Posted Sun Sep 30, 2012, 11:37am Subject: Green storage
I have seen every method for the past few years. I always have kept min in a sealed ziploc bag in a dark room of my house which has the ac on 10 months out of the year. So my house temp and humidity are pretty consistent year round. I am starting to see this isn't the best method. I see 3 options, keep it the same, vac seal, cloth bags. Which of the 3 tends to work the best for 6ish months of storage. If cloth bags are the way to go can I reuse a cotton "SM" green storage bag?
Either I am really lucky or my current plan works. I have been doing it like this for 5+ years. The only reason I am revisiting storage plans is I am stockpiling much more and don't want them to go bad.
germantownrob Senior Member Joined: 2 Dec 2007 Posts: 2,147 Location: Philadelphia Expertise: I love coffee
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Posted Sun Sep 30, 2012, 3:39pm Subject: Re: Green storage
If it tastes good to you then your storage is working fine. I keep most of my beans in the basement which is dry, 65f, and dark and that works well enough for most of my stock. I order on average 4 times a year of 60lbs each order, some of those beans can be in storage for a year. Since my orders are this big and can sit for so long I find it important to pay attention to when they arrive here in the US so that they are not sitting in someone else's storage before they sit in mine. If they are a very fruity tasting bean I will vac package them and deep freeze them soon after receiving them, I find very front fruit beans will loose their specialty within a few months of receiving them and deep freezing in a vac seal will allow them to keep for multiple years. I have some vac packed basement kept beans that are 3 years old that I am about to roast to see what happened to them ( these are a friends favorite Brazil yellow bourbon that stopped roasting and I am sending to him to see how much they changed if at all).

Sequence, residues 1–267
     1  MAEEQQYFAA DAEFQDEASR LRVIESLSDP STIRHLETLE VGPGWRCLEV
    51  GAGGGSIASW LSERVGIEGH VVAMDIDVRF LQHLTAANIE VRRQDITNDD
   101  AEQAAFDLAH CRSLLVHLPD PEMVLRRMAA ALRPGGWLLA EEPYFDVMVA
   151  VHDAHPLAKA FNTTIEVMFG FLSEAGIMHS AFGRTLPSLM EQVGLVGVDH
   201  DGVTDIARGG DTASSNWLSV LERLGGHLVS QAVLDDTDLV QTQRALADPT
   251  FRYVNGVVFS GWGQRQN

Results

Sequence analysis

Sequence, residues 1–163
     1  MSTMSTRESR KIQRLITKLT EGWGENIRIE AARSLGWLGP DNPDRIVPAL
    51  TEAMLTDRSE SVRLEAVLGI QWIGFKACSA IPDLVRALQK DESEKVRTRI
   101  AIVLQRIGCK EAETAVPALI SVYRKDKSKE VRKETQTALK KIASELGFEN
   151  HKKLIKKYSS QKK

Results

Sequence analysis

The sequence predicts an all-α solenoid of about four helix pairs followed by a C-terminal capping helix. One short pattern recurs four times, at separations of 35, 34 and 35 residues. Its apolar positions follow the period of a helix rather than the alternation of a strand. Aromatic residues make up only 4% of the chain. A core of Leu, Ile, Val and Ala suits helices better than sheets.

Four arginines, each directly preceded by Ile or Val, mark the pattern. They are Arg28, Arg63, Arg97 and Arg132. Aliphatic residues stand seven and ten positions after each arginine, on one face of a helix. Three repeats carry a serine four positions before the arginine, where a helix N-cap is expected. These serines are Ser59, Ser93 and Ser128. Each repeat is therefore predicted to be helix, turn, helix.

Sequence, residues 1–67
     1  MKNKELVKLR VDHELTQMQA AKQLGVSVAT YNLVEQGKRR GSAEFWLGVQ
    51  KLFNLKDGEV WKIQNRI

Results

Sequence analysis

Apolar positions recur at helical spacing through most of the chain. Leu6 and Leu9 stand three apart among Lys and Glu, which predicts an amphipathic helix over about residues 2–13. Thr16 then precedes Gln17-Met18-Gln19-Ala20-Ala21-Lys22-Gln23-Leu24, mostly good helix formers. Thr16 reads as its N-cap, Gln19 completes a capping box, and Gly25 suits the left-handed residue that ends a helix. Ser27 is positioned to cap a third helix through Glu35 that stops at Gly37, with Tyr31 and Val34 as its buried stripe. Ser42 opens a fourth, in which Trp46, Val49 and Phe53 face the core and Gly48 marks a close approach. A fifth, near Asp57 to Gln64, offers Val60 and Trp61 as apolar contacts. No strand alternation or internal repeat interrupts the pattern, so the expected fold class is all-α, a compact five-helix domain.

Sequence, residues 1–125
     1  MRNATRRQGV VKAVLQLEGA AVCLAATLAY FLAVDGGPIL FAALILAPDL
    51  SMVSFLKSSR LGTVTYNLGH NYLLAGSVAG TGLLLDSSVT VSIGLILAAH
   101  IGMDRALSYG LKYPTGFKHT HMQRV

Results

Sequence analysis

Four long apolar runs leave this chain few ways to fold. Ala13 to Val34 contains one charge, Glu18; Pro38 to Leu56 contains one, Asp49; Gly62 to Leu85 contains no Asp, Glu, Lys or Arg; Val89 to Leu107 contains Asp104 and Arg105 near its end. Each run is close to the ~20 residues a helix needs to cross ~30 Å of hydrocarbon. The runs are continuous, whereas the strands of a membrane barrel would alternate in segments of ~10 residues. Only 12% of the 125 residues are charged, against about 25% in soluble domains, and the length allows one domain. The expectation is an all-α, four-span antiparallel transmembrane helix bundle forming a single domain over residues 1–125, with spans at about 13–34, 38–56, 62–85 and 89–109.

Sweet Maria's is not buying stock for a full year so it is important to buy what you want to be a stable for a full year when it is in stock, other places you have to be careful that you are not buying last years crop just before or even after this years crop is in stock. Still if you look carefully at when SMs received their stock, one of the few that makes this info clear, you will see they have some beans that have sat for 6 months or more, these are beans I don't order to have sitting in my storage for 6 months or more.
Trust your taste buds and use others opinions as a guideline. I roast all my old stock for November-December gifts and only get glowing reviews.
Posted Sun Sep 30, 2012, 7:07pm Subject: Re: Green storage
I don't have to start out with some crazy vac sealer made at NASA though right? One of the lower cost used ones on the major bidding site will work fine i hope. I do know I want it at least to accept 11" bags from a roll and be able to seal w/o starting a vacuum for creating bags. Those are at least 2 things I have picked up this evening after doing some searching. Am I missing anything else that is a game breaker? Does it matter who makes the bags? I guess it will be a win/win since I can use it for my food also, or at least that's how I'm pitching the sale to my wife :)
I am trying to get this solved asap since late Monday or early Tuesday I need to put in another bean order and how much I get will rest on my storage ability.
Let me know if I am missing something please. The extra advise is greatly appreciated.
Posted Wed Oct 10, 2012, 1:23pm Subject: Re: Green storage
I have been using "Rubbermaid" bins Click Here and they work beautifully! A local roaster told me about this. Helps keep the temp inside the bin consistent, traps and protects from odors inside and out and they are pretty cheap. I have been storing my JBM in there since June and they look, smell, taste and brew the same as the day I got them.
If your storing in small quantity then foil coffee bags inside a bin like this work well too. I use the 39.7L they hold about 40lb of beans and stack nicely. Locally they sell for $7
Posted Thu Oct 11, 2012, 12:27pm Subject: Re: Green storage
Not for roasted no. They are made of Polyethylene plastic. It's odorless and food safe. I don't get any taste or smell of rubber at all. Other than mason jars I would only use coffee bags to store roasted coffee in. I'm sure they would work fine for roasted coffee if you’re roasting in 10-30lb batches.
UPDATE: Low density polyethylene can only take up to 80'C temp before melting so if anyone is considering storing roasted coffee beans make sure they are completely cooled first. For clarification I am currently using the "Roughneck 37.9L Tote".
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